Review: The Golden Compass
|Starring||Daniel Craig, Nicole Kidman, Dakota Blue Richards, Eva Green, Sam Elliot|
|Release||7 DEC (US) 5 DEC (UK) Certificate PG|
I'm sad to say that it's completely, utterly and elf-mongously not the case. What pains is that director Chris Weitz comes close to capturing the books essence. But when he misses? Oh boy, does he miss. The major plot points of the book are there (though oddly rejigged) and all the characters are present, so it should give the same pleasure meeting the players and the events as they unfold. Yet it's an oddly unengaging film for anybody familiar with the books. It all looks right - full marks to the design team on this one, the environments are absolutely perfect representations of the book - but the soul and central ideas of Pullman's novel are missing, leaving a gloriously shiny box with nothing inside.
Forget all the noise being made by religious nuts about how this should be boycotted because it makes Jesus cry - that aspect has been all but excised from the script. And that's the major problem with the adaptation; by removing the heart of the story, all you're left with is a story about a girl called Lyra (Richards) with a little pet who has awesome adventures with witches and polar bears. Leaving aside the coring of the very point of the books, it just doesn't work as a straightforward adventure yarn very well either, due to the amount of detail Pullman puts into the books. Anything approaching character development is jettisoned in favour of a 100mph dash through exquisitely designed set pieces, forgoing any attempt to explain why things are happening to this little girl.
You are introduced to Lord Asriel (Craig) who wants to go to the North Pole to explore a world that's opened in the Northern Lights as seen in a moving photograph of some random guy in seal fur. You don't know how this world has appeared, why it's happened to appear in that particular location or who the happy man in the hologram is. Nor do you know why Evil Priest (sorry, we'll call him Generic Villain in keeping with the neutered tone of the film) is so unhappy about James Bond wanting to go explore a magical world in the sky. "This is heresy," he smarms, without you knowing quite why it is. Actually that's not quite true, because the voiceover at the beginning tells you that dust is all around and it's been around longer than the Gyptians of the Oceans (who?), the Witches (Witches?) or the Ice Bears (Ice Bears? Huh?) and that everybody in this world has a daemon that walks alongside them. Our voiceover woman has explained everything - we won't bother to drag the movie down by showing how these different groups are all intertwined. It just is and that's all you need to know.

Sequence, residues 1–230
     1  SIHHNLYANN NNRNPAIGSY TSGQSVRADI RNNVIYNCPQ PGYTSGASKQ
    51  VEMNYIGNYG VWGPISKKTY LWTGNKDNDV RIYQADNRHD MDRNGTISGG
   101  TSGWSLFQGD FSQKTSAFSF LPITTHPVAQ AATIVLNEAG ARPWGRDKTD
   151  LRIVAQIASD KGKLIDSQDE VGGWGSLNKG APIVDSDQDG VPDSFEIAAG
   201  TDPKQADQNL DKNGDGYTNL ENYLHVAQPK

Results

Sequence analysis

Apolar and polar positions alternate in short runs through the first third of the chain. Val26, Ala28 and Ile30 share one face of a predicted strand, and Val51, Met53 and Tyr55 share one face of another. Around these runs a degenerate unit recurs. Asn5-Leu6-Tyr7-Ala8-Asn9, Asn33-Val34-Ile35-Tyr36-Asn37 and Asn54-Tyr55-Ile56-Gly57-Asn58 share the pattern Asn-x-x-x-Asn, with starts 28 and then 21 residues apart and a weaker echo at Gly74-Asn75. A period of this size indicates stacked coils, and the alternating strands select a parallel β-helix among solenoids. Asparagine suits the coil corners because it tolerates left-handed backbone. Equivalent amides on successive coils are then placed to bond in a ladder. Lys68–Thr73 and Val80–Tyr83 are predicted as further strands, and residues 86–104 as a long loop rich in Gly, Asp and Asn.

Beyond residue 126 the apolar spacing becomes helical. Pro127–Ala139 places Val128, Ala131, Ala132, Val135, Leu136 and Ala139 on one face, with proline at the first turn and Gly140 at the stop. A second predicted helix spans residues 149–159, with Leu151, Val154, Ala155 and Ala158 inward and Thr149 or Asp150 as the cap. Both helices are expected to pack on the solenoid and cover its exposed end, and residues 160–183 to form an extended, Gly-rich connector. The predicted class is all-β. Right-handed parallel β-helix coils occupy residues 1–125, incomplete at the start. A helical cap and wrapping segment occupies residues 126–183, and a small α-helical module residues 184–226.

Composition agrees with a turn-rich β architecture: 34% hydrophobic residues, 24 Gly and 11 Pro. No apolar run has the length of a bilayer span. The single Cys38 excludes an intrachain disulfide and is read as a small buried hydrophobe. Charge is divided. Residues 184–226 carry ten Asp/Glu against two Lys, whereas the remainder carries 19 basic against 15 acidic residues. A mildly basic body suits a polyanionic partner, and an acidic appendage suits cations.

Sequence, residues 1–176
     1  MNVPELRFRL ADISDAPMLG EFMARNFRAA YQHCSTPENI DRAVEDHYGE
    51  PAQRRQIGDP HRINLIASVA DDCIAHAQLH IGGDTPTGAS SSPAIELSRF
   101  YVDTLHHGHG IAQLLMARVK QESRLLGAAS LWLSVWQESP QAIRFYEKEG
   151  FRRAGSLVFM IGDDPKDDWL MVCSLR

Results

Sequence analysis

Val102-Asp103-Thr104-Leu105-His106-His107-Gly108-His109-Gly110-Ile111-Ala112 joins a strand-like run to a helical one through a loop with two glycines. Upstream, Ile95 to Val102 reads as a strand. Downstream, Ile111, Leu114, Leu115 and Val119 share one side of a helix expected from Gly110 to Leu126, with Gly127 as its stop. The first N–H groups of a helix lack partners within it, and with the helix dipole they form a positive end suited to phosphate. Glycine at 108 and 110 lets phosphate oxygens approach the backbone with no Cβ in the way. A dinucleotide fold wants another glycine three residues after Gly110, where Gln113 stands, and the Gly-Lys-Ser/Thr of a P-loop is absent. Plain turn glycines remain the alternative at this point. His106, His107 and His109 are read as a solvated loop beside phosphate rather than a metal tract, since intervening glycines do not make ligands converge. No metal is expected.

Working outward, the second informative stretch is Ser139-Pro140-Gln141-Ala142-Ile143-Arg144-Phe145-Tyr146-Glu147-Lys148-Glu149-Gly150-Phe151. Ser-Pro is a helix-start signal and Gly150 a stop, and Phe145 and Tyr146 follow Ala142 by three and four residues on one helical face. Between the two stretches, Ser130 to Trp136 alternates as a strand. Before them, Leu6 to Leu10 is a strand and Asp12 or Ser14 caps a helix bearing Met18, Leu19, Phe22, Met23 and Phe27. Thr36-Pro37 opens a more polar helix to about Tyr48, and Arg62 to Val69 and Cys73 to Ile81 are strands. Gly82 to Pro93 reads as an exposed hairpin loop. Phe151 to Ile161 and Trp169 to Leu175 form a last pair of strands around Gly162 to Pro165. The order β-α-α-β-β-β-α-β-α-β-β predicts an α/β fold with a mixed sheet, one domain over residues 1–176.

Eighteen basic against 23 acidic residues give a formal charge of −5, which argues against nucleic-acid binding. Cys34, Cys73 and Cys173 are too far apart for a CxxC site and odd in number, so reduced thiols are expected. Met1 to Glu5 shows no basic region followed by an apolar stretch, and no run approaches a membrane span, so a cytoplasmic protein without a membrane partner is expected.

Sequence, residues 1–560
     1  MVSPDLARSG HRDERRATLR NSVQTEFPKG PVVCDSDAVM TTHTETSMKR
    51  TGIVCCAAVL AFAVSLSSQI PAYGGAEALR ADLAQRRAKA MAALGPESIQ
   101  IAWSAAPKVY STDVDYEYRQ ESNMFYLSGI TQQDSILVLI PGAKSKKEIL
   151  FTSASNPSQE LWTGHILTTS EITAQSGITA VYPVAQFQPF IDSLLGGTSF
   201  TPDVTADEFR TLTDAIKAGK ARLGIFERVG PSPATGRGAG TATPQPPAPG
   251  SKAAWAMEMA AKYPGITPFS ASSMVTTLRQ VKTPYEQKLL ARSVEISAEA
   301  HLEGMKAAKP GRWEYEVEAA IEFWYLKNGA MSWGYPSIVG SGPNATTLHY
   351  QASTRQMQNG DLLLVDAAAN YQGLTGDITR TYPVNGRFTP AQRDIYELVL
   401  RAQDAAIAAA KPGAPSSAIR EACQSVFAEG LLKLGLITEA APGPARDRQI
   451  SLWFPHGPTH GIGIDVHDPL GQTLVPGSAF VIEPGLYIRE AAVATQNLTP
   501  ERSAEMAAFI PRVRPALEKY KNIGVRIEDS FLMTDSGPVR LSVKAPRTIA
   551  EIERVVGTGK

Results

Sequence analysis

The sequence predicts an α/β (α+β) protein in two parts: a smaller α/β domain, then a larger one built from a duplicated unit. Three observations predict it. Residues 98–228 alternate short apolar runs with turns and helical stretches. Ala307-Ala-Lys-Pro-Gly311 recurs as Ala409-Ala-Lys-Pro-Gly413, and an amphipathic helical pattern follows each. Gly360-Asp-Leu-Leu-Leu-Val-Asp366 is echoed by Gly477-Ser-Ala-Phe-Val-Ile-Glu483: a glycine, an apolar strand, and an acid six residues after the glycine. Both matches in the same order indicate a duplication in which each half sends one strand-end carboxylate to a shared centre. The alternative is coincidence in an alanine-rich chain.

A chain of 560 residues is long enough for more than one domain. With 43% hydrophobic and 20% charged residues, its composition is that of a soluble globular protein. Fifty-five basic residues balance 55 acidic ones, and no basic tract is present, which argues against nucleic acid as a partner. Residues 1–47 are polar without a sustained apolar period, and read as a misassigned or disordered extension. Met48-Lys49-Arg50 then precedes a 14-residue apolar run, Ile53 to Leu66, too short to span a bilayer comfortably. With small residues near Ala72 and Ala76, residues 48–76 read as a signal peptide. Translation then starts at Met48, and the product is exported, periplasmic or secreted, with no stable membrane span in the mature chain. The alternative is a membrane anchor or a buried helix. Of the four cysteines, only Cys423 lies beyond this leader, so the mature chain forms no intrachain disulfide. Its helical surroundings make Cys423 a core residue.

Imagine The Fellowship of The Ring starting at the Council of Elrond. Why are there midgets with hairy feet? And why is Sharpe arguing with a transsexual from a Timotei advert? Why is Agent Smith wearing spock ears and holding a stick? It's this slapdash hurtling through the story without explanation that hurts the telling of the story the most. No time is spent trying to set anything up except for the initial fifteen minutes. On her quest, Lyra collects a gang comprising of Sam Elliot and Gandalf The Bear, plus some random gypsies and a witch who's pretty tasty with a knife. It really is that random - you're never told why they want to help, how they know each other and how they fit into the story.
So what's good? The effects are superb. Sam Elliot is awesome as always, even if you expect to hear "The Dude abides" from time to time, and the bear fight kicks all kind of ass. The daemons are almost believable, even if relegated to little more than cuddly toys you can buy with a burger meal. And that's about it.
We won't talk about the ending, other than to say you should expect a feeling of befuddlement similar to when Sam and Frodo paddled off in their canoe - that's really it? It's that feeling, even if you have read the books. Viewers new to the story will scratch their heads and think "What the fuck?" whilst fans of the books will be steaming from the ears and hurtling from the cinema to register their unhappiness on the internet as soon as possible.
The Golden Compass is a soulless, pointless and empty exercise in selling cuddly toys that bears little resemblance to the books outside of character names and places. The only people who should be protesting this film are fans of intelligent fiction and movies that take their time to unfold, trusting the audience to be intelligent enough to not need pages of exposition spoon fed to them by drunken bears and Emma Thompson voiceovers.